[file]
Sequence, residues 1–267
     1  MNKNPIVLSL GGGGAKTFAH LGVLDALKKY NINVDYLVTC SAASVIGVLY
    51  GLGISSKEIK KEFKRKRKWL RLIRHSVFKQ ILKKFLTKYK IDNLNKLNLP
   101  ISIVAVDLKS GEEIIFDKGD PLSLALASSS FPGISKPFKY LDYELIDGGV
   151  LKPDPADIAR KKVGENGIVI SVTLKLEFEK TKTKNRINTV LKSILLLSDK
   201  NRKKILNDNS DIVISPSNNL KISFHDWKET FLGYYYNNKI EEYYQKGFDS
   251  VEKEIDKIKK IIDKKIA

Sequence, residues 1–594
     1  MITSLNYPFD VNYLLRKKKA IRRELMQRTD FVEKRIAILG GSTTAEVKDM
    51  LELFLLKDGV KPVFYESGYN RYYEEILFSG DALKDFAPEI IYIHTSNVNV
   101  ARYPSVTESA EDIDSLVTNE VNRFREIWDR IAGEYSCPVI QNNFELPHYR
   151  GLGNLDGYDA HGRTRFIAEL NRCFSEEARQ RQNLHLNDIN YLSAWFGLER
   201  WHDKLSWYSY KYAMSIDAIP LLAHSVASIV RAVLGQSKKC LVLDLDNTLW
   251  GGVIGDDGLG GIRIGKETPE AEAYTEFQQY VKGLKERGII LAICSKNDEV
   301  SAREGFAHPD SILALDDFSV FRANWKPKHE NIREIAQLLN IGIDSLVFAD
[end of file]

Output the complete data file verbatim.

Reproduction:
Sequence, residues 1–267
     1  MNKNPIVLSL GGGGAKTFAH LGVLDALKKY NINVDYLVTC SAASVIGVLY
    51  GLGISSKEIK KEFKRKRKWL RLIRHSVFKQ ILKKFLTKYK IDNLNKLNLP
   101  ISIVAVDLKS GEEIIFDKGD PLSLALASSS FPGISKPFKY LDYELIDGGV
   151  LKPDPADIAR KKVGENGIVI SVTLKLEFEK TKTKNRINTV LKSILLLSDK
   201  NRKKILNDNS DIVISPSNNL KISFHDWKET FLGYYYNNKI EEYYQKGFDS
   251  VEKEIDKIKK IIDKKIA

Sequence, residues 1–594
     1  MITSLNYPFD VNYLLRKKKA IRRELMQRTD FVEKRIAILG GSTTAEVKDM
    51  LELFLLKDGV KPVFYESGYN RYYEEILFSG DALKDFAPEI IYIHTSNVNV
   101  ARYPSVTESA EDIDSLVTNE VNRFREIWDR IAGEYSCPVI QNNFELPHYR
   151  GLGNLDGYDA HGRTRFIAEL NRCFSEEARQ RQNLHLNDIN YLSAWFGLER
   201  WHDKLSWYSY KYAMSIDAIP LLAHSVASIV RAVLGQSKKC LVLDLDNTLW
   251  GGVIGDDGLG GIRIGKETPE AEAYTEFQQY VKGLKERGII LAICSKNDEV
   301  SAREGFAHPD SILALDDFSV FRANWKPKHE NIREIAQLLN IGIDSLVFAD